Researchers at Northwestern University have created a robotic fish that can move from swimming forward and backward to swimming vertically almost instantaneously by using a sophisticated, ribbon-like fin.
The robot -- created after observing and creating computer simulations of the black ghost knifefish -- could pave the way for nimble robots that could perform underwater recovery operations or long-term monitoring of coral reefs.
Led by Malcolm MacIver, associate professor of mechanical and biomedical engineering at Northwestern's McCormick School of Engineering and Applied Science, the team's results are published in the Journal of the Royal Society Interface.
The black ghost knifefish, which works at night in rivers of the Amazon basin, hunts for prey using a weak electric field around its entire body and moves both forward and backward using a ribbon-like fin on the underside of its body.
MacIver, a robotics expert who served as a scientific consultant for "Tron: Legacy" and is science advisor for the television series "Caprica," has studied the knifefish for years. Working with Neelesh Patankar, associate professor of mechanical engineering and co-author of the paper, he has created mechanical models of the fish in hopes of better understanding how the nervous system sends messages throughout the body to make it move.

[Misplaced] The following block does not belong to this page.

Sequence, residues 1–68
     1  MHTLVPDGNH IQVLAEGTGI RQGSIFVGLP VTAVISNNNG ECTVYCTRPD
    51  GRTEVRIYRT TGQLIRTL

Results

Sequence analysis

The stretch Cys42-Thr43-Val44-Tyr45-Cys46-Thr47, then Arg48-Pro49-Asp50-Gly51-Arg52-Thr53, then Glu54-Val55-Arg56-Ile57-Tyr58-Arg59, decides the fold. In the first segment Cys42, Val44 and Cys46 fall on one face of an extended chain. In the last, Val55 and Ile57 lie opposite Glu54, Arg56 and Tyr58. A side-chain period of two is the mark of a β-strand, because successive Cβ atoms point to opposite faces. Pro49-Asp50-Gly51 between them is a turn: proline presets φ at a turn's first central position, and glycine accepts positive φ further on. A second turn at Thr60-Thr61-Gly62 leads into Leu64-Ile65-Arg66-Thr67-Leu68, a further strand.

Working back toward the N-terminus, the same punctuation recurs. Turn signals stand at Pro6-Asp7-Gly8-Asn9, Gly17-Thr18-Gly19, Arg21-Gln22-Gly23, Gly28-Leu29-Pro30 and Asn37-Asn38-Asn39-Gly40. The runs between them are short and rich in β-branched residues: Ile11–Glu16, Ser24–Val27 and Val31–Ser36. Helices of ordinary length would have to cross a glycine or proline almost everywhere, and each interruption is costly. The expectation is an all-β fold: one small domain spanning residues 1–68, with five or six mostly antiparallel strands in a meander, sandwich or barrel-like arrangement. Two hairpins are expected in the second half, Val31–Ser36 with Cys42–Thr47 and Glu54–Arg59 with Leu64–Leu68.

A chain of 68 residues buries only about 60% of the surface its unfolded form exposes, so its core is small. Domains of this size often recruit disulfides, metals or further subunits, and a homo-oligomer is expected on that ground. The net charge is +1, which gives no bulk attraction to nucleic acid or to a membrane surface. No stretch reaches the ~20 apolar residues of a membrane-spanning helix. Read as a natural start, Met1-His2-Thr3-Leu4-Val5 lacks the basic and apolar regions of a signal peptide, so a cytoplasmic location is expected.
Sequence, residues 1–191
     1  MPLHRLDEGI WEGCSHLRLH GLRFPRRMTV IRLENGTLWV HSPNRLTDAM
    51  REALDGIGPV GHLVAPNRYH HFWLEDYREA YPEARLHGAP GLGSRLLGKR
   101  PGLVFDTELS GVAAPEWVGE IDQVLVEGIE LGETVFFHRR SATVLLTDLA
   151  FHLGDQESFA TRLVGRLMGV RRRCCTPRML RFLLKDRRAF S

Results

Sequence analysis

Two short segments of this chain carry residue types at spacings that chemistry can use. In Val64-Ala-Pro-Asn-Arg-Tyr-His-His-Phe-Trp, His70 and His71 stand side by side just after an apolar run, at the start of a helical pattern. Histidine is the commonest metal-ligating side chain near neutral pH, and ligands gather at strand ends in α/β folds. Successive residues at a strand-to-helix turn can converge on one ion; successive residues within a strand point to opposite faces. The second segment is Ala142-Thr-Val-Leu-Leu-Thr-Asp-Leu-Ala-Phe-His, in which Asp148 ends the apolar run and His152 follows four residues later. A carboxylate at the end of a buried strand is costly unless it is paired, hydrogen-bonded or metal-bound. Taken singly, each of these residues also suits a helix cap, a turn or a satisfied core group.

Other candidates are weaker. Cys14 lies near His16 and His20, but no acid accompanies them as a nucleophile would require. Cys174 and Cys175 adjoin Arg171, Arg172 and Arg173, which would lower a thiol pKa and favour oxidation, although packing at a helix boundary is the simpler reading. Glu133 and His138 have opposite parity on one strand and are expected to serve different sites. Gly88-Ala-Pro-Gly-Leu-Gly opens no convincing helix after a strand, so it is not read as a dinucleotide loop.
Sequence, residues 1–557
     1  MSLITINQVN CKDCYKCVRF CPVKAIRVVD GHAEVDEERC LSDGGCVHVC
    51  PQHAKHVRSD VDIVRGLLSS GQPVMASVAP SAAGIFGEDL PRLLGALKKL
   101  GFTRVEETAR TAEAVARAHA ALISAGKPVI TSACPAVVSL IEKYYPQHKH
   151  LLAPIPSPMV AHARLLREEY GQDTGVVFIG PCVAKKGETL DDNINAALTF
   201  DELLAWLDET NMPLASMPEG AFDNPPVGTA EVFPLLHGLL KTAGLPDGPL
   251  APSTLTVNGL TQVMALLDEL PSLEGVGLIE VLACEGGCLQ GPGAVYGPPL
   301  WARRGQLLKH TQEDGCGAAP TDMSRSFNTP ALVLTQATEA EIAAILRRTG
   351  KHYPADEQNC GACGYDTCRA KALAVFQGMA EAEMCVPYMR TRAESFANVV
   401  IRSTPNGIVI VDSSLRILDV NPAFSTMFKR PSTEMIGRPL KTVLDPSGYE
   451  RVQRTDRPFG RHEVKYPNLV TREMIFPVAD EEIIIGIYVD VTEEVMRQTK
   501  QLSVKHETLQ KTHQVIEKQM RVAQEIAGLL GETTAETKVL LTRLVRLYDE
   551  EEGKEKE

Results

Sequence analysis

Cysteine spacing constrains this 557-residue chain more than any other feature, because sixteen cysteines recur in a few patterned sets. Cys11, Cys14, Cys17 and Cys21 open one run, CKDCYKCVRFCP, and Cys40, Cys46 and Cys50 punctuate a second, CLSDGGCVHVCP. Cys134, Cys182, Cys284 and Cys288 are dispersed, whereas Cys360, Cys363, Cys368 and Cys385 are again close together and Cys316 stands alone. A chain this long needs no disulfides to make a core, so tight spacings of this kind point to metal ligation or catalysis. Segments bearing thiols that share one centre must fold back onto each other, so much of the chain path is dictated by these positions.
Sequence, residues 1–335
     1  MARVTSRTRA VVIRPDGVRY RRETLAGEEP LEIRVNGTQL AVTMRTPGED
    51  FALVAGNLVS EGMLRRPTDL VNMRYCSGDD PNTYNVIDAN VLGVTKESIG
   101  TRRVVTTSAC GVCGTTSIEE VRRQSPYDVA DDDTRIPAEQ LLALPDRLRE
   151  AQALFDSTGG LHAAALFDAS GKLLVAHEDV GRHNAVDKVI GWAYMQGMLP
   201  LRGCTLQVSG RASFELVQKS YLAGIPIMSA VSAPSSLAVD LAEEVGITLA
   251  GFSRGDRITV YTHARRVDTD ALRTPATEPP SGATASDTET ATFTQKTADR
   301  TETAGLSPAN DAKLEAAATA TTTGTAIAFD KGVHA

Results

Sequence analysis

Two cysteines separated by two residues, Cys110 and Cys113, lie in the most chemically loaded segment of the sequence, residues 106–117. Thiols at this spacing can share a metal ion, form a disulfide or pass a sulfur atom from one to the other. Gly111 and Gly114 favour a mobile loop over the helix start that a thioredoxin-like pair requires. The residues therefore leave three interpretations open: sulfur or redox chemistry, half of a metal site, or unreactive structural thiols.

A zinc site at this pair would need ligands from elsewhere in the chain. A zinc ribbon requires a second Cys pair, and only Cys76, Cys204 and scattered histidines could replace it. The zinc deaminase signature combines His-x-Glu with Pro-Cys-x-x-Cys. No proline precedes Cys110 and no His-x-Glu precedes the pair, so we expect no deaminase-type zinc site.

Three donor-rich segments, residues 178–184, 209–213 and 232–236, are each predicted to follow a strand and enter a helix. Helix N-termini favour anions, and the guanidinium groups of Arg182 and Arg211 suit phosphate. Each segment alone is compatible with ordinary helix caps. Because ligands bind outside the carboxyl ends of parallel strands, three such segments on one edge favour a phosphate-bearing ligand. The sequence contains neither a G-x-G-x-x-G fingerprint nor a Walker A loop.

Planning for the robot -- called GhostBot -- began when graduate student Oscar Curet, a co-author of the paper, observed a knifefish suddenly moving vertically in a tank in MacIver's lab.
"We had only tracked it horizontally before," said MacIver, a recent recipient of the prestigious Presidential Early Career Award for Scientists and Engineers. "We thought, 'How could it be doing this?'"
Further observations revealed that while the fish only uses one traveling wave along the fin during horizontal motion (forward or backward depending on the direction on the wave), while
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